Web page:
What I worry most about is that we are increasingly losing the formal and informal bridges between different intellectual, mental, and humanistic approaches to seeing the world.
Consider Europe in the first third of the 20th century. Vienna at that time was a hotspot for art, science, literature, music, psychology, and many other disciplines. Johannes Brahms, for example, gave music lessons to the Wittgenstein family, and the Vienna Circle of logical positivism, created by mathematicians and philosophers, gave all of us a new way to look at some of the most fundamental questions.
Another example is Erwin Schrödinger, the founder of wave mechanics. He writes in his autobiographical notes of how he nearly became professor of physics in Czernowitz in the Bukowina, today’s Ukraine. There he would have had to teach physics to engineers, and that, he writes, would have given him a lot of spare time to devote to philosophy.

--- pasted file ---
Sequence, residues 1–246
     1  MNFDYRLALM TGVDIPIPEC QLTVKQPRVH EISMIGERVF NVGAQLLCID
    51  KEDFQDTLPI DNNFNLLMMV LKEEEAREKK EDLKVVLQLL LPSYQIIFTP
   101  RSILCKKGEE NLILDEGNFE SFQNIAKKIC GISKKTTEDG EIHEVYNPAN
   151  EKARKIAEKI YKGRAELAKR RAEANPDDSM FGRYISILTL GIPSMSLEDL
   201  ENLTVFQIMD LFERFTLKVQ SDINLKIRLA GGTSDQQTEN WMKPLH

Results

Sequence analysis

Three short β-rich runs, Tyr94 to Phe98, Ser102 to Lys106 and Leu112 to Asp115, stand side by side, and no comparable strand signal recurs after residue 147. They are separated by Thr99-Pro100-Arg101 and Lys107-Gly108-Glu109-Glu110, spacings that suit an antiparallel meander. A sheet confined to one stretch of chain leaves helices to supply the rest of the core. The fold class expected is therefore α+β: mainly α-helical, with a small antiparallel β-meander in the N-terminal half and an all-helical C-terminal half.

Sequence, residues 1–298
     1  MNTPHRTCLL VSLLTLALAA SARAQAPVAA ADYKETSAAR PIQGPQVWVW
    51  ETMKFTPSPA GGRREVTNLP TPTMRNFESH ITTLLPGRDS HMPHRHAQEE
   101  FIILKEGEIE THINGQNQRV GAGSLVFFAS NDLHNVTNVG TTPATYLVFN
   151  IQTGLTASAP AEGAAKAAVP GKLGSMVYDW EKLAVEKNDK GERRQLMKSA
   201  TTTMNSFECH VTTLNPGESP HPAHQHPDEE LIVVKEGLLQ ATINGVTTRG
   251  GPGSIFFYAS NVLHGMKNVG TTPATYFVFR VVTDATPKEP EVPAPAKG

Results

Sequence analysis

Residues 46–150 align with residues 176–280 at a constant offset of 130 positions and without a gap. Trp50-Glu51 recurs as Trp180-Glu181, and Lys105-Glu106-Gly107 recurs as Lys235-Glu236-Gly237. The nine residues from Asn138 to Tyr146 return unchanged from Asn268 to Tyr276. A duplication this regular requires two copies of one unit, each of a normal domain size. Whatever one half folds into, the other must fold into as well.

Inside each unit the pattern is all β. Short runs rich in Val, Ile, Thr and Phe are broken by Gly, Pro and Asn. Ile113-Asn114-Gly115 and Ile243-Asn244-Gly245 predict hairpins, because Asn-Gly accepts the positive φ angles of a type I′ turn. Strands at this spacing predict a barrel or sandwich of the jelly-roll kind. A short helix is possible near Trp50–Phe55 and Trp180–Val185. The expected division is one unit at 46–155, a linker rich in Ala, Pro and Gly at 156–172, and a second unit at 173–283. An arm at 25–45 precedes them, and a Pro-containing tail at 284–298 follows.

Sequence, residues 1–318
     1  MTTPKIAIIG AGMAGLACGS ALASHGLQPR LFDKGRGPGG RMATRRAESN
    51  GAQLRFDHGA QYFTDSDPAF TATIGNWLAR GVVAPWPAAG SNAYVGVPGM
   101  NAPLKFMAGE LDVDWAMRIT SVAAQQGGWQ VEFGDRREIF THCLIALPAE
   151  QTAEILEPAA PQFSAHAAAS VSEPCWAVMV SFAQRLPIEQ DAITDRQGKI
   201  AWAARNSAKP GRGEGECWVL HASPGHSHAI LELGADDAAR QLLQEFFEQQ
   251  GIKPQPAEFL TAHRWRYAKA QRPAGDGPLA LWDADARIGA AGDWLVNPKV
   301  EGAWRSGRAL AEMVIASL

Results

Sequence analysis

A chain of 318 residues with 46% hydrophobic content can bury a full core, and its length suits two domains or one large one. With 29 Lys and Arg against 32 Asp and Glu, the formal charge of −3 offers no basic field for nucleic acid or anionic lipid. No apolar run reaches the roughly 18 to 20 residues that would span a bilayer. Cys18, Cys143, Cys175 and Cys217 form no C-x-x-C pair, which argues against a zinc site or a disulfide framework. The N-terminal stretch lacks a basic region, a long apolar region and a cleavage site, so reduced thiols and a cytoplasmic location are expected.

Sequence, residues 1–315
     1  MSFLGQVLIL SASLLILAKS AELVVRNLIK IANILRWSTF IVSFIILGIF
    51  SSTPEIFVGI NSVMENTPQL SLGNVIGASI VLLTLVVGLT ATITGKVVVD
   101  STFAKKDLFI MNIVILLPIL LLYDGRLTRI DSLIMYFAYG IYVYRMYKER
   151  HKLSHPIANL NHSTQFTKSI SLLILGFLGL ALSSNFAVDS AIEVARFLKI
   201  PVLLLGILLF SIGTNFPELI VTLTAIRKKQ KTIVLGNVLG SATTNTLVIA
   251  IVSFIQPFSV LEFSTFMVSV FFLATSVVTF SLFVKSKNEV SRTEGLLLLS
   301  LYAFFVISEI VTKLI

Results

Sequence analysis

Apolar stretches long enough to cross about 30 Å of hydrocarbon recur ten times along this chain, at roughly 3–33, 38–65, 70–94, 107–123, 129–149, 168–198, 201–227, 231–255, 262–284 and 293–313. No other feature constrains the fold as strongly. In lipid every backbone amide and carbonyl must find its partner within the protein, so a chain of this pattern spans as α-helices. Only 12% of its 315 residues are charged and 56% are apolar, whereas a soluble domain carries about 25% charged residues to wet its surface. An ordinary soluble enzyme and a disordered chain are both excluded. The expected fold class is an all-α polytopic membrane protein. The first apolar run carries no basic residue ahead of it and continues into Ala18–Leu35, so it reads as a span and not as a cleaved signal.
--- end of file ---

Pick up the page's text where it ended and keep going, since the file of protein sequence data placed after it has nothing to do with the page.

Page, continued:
In today’s world, all these activities—scientific, artistic, whatever—have been compartmentalized to an unprecedented degree. There are fewer and fewer people able to bridge the many gaps. Fields of expertise and activity become narrower and narrower; new gaps open all the time. Part of the cause is certainly the growth of the Internet, which typically provides immediate answers to small questions; the narrower the question, the better the answer. Deep analysis is an endeavor that by its very essence is entirely different from browsing the Web.
I worry that this trend—this narrowing—will continue. And I worry that in the end we will lose significant parts of our cultural heritage and therefore our very identity as humans.